It's actually when Moritz faces his struggle with sexual tension and fails at the sexual exploration opportunity presented to him that is he undoing, believe it or not. Already considering suicide, he runs into his childhood friend Ilse. It is suggested that they like each other. Moritz looks visibly awkward and uncomfortable while in close encounters with a woman, fixing his outfit during her "Blue Wind" solo when she isn't looking, whereas Ilse invites him over to play like they did as kids but you can kind of gather that she is inviting him over for something a little more grown up. Moritz is afraid to act on his feelings and eventually rejects Ilse, making up excuses. He immediately regrets this decision when Ilse leaves in a huff and is disappointed in himself. This is when he finally performs an unspeakable act. It turns out that the true clincher of his doom is not just his school failures, but his sexual failures as well, therefore making him feel completely inadequate. Perhaps he even feels emasculated by everything. Every aspect of his character goes downhill for him and he accomplishes nothing. His entrance into manhood finishes just as quickly as it started.
Ironically, he comes across very peaceful, though still pained, at this point in the scene.
This All Being Said, is Melchior Gabor the Star Pupil because the Rest of the Kids are Illiterate?
But then this takes us to yet another layer of Moritz's character. Maybe this is why Moritz asks for the illustrations. Perhaps he doesn't ask for them because he WANTS visuals, but asks for them because he NEEDS them. Maybe he has a reading and learning disability, something that maybe wasn't really a thing back in 19th century Germany to really diagnose him, and so therefore he isn't properly taught to suit his needs and is just considered a moron.
Also, the girls don't go to school, but we do see leading lady Wendla Bergman reading some of Melchior's journal. But she doesn't actually read it apparently:
WENDLA: You left it. The other day. I confess, I tried reading part of it - (1.11. p. 57)Now we can take this theory a step even FURTHER...
What if Moritz Joined Ilse at the Artists' Colony?
Let's just rewind for a moment and look at all of the school subjects Moritz struggles with throughout the story. In his opening scene he makes a mistake in Latin, then there is mention of Homer (literature), and quadratic equations (math). All of these at which Melchior apparently excels, among other things. (Added June 28, 2014:) In his opening song "All That's Known", Melchior himself acknowledges that all the authority in this town care and know about is history and science and even what is written, especially in the Bible. Keep this in mind as well. (End addition.)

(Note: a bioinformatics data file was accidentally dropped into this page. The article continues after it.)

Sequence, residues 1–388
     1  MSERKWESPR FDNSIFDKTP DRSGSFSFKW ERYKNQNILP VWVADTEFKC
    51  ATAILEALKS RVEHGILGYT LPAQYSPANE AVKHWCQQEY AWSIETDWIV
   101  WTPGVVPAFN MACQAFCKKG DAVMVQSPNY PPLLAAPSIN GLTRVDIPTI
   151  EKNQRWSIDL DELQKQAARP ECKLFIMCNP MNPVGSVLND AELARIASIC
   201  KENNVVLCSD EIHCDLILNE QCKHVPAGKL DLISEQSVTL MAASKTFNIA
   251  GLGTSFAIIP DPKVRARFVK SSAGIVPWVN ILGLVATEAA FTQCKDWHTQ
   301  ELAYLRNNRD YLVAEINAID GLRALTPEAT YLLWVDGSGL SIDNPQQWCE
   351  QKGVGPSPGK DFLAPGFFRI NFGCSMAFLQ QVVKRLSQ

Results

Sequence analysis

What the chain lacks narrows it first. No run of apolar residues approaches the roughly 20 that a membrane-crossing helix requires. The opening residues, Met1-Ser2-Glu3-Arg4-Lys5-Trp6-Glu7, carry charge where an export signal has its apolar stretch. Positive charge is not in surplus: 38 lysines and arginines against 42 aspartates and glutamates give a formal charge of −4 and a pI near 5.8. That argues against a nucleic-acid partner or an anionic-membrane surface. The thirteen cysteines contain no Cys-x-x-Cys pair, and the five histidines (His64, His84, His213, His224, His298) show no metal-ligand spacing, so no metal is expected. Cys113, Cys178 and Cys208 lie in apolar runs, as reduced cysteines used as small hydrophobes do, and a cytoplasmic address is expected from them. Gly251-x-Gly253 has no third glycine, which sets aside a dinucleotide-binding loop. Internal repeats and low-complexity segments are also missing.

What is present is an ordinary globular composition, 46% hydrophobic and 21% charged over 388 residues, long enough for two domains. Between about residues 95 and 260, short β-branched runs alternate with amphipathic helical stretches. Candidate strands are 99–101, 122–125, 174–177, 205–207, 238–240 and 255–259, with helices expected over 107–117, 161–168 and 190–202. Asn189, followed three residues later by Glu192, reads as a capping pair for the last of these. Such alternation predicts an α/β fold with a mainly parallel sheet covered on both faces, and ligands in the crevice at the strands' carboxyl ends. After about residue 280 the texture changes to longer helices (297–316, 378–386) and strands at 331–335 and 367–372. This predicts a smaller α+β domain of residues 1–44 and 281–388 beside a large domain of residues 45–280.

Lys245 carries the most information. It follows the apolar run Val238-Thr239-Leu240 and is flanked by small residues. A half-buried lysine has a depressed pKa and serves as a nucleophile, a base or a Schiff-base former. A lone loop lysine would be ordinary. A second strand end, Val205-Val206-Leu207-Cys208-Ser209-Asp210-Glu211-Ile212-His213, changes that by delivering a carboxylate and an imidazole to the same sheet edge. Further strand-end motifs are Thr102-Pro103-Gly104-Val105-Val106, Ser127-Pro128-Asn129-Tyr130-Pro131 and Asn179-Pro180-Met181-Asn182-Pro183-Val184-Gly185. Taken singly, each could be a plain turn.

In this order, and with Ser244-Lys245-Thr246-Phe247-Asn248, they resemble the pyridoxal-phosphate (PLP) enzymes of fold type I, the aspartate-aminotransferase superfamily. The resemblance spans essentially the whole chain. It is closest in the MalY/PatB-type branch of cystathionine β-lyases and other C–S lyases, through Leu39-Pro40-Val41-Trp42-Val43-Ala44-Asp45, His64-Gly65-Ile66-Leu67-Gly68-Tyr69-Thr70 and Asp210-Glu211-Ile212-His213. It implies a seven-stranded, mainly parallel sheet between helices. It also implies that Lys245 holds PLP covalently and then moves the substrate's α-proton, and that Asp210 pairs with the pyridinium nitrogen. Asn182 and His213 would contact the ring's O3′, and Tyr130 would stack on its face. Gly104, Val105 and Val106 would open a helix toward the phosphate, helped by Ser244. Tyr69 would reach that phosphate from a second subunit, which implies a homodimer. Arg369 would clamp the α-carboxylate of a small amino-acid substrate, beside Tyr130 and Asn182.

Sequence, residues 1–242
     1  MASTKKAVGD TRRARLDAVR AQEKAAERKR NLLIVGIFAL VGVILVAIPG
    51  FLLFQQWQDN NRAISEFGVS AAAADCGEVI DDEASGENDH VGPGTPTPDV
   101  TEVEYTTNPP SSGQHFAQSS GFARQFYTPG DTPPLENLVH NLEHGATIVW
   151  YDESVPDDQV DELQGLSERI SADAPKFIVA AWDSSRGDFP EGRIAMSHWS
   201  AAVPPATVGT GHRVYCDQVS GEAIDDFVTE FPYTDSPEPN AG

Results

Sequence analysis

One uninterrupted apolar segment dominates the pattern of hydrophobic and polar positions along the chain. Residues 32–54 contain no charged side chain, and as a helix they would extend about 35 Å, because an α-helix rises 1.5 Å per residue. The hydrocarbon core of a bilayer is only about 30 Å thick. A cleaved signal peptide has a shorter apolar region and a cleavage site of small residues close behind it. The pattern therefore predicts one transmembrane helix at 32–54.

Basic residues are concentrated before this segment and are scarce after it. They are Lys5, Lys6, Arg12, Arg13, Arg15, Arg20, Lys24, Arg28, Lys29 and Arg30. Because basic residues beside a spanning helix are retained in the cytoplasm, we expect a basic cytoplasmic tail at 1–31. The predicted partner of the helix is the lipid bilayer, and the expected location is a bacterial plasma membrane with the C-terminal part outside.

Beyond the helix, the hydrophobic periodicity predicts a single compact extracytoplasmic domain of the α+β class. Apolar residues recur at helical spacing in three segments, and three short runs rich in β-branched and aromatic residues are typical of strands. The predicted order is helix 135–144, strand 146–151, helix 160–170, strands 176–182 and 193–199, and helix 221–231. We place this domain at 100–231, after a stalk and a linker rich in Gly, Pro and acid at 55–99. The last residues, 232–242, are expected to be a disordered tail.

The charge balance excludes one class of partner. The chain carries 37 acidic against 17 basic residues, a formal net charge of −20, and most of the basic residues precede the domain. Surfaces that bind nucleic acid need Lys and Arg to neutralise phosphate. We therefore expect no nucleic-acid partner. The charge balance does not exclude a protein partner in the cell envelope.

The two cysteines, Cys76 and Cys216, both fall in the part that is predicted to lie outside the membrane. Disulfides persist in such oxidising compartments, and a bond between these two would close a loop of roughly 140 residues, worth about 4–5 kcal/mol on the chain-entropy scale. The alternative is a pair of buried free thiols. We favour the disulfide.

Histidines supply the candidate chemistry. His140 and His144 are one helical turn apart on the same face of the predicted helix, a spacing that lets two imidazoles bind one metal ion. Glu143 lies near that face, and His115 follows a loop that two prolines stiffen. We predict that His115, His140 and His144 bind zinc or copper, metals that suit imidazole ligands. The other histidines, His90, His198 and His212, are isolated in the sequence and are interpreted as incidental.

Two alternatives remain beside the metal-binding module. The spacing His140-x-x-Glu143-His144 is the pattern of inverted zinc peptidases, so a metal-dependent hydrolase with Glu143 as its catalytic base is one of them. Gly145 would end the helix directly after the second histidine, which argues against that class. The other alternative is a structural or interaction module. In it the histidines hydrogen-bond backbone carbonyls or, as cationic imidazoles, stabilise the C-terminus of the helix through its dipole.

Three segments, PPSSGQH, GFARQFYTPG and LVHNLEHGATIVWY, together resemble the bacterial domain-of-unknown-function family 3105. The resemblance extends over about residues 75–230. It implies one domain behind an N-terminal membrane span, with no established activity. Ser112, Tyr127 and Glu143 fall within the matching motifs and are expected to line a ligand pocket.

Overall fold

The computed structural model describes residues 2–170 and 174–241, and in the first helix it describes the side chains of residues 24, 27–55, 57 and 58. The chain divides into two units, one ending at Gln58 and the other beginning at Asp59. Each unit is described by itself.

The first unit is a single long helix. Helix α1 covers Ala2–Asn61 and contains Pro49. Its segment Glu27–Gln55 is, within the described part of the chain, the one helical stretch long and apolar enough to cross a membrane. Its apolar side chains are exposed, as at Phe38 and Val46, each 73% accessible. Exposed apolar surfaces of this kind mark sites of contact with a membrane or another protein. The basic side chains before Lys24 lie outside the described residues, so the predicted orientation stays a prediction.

Now let's go back to the scene with Ilse. She asks Moritz how school is going and he says:
MORITZ: Well, this semester I'm through. (2.2. p. 67)But then after awhile when Ilse invites him over the excuse he gives for not going is homework:
MORITZ (A lie): Eighty lines of Virgil, sixteen equations, a paper on the Hapsburgs. (2.2. p. 69)I recently realized that this is a continuity error on Moritz's part. If he is done with school for the semester, then having homework like this is clearly a lie that Ilse would catch onto because of what he told her two pages earlier.
Considering his current circumstances, he has absolutely NO obligation to go back home. Like he said, he is finished with the semester, the authorities aren't letting him move onto the next level of schooling, his father is ashamed of him, Melchior's mother won't give him money to go to America, etc. It's no wonder that he plans on suicide since it feels like his whole world has turned against him.
However, he is approached with an escape in the form of Ilse. Now the question is, if he left to live with her and never returned, would he actually fit in at the Artists' colony, or would he have a hard time in that department as well?
Back in school he struggles with numerous subjects, so that leaves art as the only subject we do not really see him attempt or even talk about. He has to be good at something, so this all suggests one thing: Moritz is an artist.
...WAIT A MINUTE. WHICH EXPLAINS WHY HE WANTS THE ILLUSTRATIONS! ART IS HIS THING!
It all makes sense now! Moritz's strength is in the arts! He is a visual learner and perhaps art is the only thing he understands! It's plausible for artists to not be as good at other school subjects. Maybe he is a gifted drawer but just never gets a chance to explore his artistry and creativity because of his structured entrapment, which actually could be very relevant for the artists of today as well. It also could be a good explanation as to why Moritz even wants to flee to America. His motives are never really fully explained but immigrating to America for new opportunities to look into his craftsmanship totally makes sense.